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November 1920


Author Affiliations

Associate Professor of Nervous and Mental Diseases, Rush Medical College CHICAGO

Arch NeurPsych. 1920;4(5):542-545. doi:10.1001/archneurpsyc.1920.02180230067006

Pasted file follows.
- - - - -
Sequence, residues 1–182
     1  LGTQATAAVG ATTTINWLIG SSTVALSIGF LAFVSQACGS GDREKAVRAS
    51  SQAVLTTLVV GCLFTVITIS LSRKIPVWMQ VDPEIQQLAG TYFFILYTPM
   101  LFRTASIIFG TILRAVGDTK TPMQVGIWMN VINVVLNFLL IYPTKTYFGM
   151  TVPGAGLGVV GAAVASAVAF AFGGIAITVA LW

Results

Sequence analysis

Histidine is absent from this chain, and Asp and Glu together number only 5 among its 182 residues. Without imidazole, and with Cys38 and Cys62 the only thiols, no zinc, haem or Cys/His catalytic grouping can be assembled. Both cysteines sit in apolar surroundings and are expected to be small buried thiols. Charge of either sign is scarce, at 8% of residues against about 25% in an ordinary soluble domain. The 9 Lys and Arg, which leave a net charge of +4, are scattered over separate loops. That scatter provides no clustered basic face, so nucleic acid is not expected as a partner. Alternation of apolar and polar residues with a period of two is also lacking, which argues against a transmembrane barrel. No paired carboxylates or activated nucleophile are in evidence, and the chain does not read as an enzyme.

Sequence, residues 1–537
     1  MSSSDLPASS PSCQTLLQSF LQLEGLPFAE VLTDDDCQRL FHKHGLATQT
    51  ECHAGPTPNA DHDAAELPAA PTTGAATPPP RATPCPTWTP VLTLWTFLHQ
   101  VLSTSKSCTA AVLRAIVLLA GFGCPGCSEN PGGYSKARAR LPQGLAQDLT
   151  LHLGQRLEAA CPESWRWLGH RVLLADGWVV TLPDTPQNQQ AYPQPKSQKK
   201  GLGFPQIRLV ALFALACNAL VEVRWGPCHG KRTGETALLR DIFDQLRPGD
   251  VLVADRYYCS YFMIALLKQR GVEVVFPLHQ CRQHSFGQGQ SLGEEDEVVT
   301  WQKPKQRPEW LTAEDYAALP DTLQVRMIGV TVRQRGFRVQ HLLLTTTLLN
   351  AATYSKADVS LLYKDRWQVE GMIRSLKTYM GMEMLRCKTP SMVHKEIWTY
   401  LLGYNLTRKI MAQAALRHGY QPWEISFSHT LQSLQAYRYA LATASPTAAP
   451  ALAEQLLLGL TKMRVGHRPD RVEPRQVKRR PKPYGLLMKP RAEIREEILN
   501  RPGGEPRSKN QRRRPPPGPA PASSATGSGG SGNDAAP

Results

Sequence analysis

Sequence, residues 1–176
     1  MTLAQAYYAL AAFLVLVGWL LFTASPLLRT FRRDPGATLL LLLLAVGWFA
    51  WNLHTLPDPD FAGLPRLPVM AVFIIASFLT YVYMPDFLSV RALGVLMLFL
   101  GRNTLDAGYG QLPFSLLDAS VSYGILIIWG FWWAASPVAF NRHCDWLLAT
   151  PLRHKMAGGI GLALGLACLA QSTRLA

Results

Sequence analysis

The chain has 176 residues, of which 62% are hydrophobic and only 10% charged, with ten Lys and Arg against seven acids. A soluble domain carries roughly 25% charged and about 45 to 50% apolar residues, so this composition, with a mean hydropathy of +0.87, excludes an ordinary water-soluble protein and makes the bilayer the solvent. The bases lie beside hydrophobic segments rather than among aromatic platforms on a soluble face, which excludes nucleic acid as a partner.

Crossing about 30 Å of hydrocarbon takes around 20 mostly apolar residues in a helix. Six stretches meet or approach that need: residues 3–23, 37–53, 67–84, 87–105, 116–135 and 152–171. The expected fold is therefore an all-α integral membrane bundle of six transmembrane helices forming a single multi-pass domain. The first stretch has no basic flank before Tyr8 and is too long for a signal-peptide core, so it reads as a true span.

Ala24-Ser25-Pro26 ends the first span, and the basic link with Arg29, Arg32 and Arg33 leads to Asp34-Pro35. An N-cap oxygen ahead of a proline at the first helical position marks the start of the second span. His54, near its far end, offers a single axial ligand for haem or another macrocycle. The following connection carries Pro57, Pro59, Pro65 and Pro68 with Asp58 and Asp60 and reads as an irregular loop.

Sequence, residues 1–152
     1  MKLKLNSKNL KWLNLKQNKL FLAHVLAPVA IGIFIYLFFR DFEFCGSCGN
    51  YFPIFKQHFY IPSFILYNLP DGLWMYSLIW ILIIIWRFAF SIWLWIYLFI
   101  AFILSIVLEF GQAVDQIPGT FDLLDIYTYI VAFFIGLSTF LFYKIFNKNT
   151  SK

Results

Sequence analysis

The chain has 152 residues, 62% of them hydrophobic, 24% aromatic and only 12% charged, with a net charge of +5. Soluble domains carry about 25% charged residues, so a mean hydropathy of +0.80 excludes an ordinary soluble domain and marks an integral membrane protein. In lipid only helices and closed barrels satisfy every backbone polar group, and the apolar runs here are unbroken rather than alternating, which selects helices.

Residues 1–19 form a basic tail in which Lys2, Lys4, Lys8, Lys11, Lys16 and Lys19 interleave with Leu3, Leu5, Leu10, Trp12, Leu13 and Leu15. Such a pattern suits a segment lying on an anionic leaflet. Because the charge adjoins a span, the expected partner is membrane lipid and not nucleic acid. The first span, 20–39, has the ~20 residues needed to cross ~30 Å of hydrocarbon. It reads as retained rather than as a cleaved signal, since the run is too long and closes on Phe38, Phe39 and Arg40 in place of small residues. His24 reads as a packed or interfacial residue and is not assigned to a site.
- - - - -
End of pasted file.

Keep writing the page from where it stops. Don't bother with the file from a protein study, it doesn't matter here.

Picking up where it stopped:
The Berlin surgeon Borchardt1 appears first to have observed the coexistence of cervical ribs and syringomyelia, in a woman 35 years old, who also was examined by Oppenheim. The latter2 in his textbook comments on this case and points out that cervical ribs belong to the so-called stigmas of degeneration and may be combined with other disorders which are not caused by the ribs but, like them, are features of an underlying neuropathic diathesis. He specifically mentions hysteria, hypochondriasis and spinal gliosis. In connection with the latter he refers to the case mentioned above and to one reported by Marburg.3 This case, which occurred in a woman 19 years old, was complicated by scoliosis which caused the cervical ribs to be prominent and to be mistaken for a bony tumor until operative removal was attempted. Later the appearance of sensory dissociation, painless burns, muscular atrophy and lagophthalmos

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